P-gp is a 170 kDa transmembrane glycoprotein, which includes 10-15 kDa of N-terminal glycosylation. The N-terminal half of the molecule contains 6 transmembrane domains, followed by a large cytoplasmic domain with an ATP-binding site, and then a second section with 6 transmembrane domains and an ATP-binding site that shows over 65% of amino acid similarity with the first half of the polypeptide.[6] In 2009, the first structure of a mammalian P-glycoprotein was solved (3G5U).[7] The structure was derived from the mouse MDR3 gene product heterologously expressed in Pichia pastoris yeast. The structure of mouse P-gp is similar to structures of the bacterial ABC transporter MsbA (3B5W and 3B5X)[8] that adopt an inward facing conformation that is believed to be important for binding substrate along the inner leaflet of the membrane. Additional structures (3G60 and 3G61) of P-gp were also solved revealing the binding site(s) of two different cyclic peptide substrate/inhibitors. The promiscuous binding pocket of P-gp is lined with aromatic amino acid side chains. However, the murine P-gp structure is incomplete, missing an intermediate linker sequence proved to be essential for substrate recognition and ATP hydrolysis. Through Molecular Dynamic (MD) simulations, this sequence was proved to have a direct impact in the transporter's structural stability (in the nucleotide-binding domains) and defining a lower boundary for the internal drug-binding pocket.[9]

Mechanism of action[edit]

Substrate enters P-gp either from an opening within the inner leaflet of the membrane or from an opening at the cytoplasmic side of the protein. ATP binds at the cytoplasmic side of the protein. Following binding of each, ATP hydrolysis shifts the substrate into a position to be excreted from the cell. Release of the phosphate (from the original ATP molecule) occurs concurrently with substrate excretion. ADP is released, and a new molecule of ATP binds to the secondary ATP-binding site. Hydrolysis and release of ADP and a phosphate molecule resets the protein, so that the process can start again.

Tissue distribution[edit]

P-gp is expressed primarily in certain cell types in the liver, pancreas, kidney, colon, and jejunum.[10]

Detecting the activity of the transporter[edit]

The activity of the transporter can be determined by both membrane ATPase and cellular calcein assays.

Radioactive verapamil can be used for measuring P-gp function with positron emission tomography.[11]

P-gp is also used to differentiate transitional B-cells from naive B-cells. Dyes such as Rhodamine123 and MitoTracker Dyes from Invitrogen can be used to make this differentiation.[12]

History[edit]

P-gp was first cloned and characterized in 1976. It was shown to be responsible for conferring multidrug resistance upon mutant cultured cancer cells that had developed resistance to cytotoxic drugs.[3][13]

The structure of P-gp was resolved by x-ray crystallography in 2009.[7]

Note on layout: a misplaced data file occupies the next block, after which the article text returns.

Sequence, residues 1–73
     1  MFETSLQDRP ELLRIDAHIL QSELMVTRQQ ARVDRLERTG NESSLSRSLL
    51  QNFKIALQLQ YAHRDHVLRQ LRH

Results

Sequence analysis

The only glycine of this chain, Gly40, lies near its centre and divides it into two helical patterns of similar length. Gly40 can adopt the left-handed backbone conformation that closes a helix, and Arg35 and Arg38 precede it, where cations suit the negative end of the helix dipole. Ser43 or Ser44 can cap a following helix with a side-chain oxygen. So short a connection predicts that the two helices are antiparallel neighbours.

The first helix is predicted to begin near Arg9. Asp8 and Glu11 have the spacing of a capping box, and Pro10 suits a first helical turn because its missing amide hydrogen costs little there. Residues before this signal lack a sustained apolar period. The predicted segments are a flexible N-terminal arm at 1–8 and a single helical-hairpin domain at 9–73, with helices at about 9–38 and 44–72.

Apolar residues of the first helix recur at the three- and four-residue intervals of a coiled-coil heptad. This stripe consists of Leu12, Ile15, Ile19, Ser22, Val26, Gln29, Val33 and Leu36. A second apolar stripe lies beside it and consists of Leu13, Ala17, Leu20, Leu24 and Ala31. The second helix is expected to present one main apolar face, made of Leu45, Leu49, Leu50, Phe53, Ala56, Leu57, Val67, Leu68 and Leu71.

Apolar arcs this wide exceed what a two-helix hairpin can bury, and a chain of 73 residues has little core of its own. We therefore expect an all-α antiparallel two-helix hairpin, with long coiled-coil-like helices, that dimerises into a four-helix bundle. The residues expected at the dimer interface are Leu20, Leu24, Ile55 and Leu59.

References[edit]

  1. ^ PDB 3G60; Aller SG, Yu J, Ward A, Weng Y, Chittaboina S, Zhuo R, Harrell PM, Trinh YT, Zhang Q, Urbatsch IL, Chang G (March 2009). "Structure of P-glycoprotein reveals a molecular basis for poly-specific drug binding". Science 323 (5922): 1718–22. doi:10.1126/science.1168750. PMC 2720052. PMID 19325113. 
  2. ^ Ueda K, Clark DP, Chen CJ, Roninson IB, Gottesman MM, Pastan I (January 1987). "The human multidrug resistance (mdr1) gene. cDNA cloning and transcription initiation". J. Biol. Chem. 262 (2): 505–8. PMID 3027054. 
  3. ^ a b c Dean, Michael (2002-11-01). "The Human ATP-Binding Cassette (ABC) Transporter Superfamily". National Library of Medicine (US), NCBI. Retrieved 2008-03-02. 
  4. ^ "Entrez Gene: ABCB1". 
  5. ^ "Drug Development and Drug Interactions: Table of Substrates, Inhibitors and Inducers". 
  6. ^ Franck Viguié (1998-03-01). "ABCB1". Atlas of Genetics and Cytogenetics in Oncology and Haematology. Retrieved 2008-03-02. 
  7. ^ a b Stephen Aller; Jodie Yu, Andrew Ward, Yue Weng, Srinivas Chittaboina, Rupeng Zhuo, Patina M. Harrell, Yenphuong T. Trinh,Qinghai Zhang, Ina L. Urbatsch, Geoffrey Chang (2009-03-27). "Structure of P-glycoprotein Reveals a Molecular Basis for Poly-Specific Drug Binding". Science (Science) 323 (5922): 1718–1722. doi:10.1126/science.1168750. PMC 2720052. PMID 19325113. Retrieved 2009-04-12. 
  8. ^ Ward A, Reyes CL, Yu J, Roth CB, Chang G (November 2007). "Flexibility in the ABC transporter MsbA: Alternating access with a twist". Proc. Natl. Acad. Sci. U.S.A. 104 (48): 19005–10. doi:10.1073/pnas.0709388104. PMC 2141898. PMID 18024585. 
  9. ^ Ferreira RJ, Ferreira M-JU, dos Santos DJVA (May 2012). "Insights on P-Glycoprotein’s Efflux Mechanism obtained by Molecular Dynamics Simulations". J Chem Theory Comput 8 (6): 1853–1864. doi:10.1021/ct300083m. 
  10. ^ Thiebaut F, Tsuruo T, Hamada H, Gottesman MM, Pastan I, Willingham MC (November 1987). "Cellular localization of the multidrug-resistance gene product P-glycoprotein in normal human tissues". Proc. Natl. Acad. Sci. U.S.A. 84 (21): 7735–8. doi:10.1073/pnas.84.21.7735. PMC 299375. PMID 2444983. 
  11. ^ Luurtsema G, Windhorst AD, Mooijer MPJ, Herscheid A, Lammertsma AA, Franssen EJF (2002). "Fully automated high yield synthesis of (R)- and (S)-[C-11]verapamil for measuring P-glycoprotein function with positron emission tomography". Journal of Labelled Compounds & Radiopharmaceuticals 45 (14): 1199–1207. doi:10.1002/jlcr.632.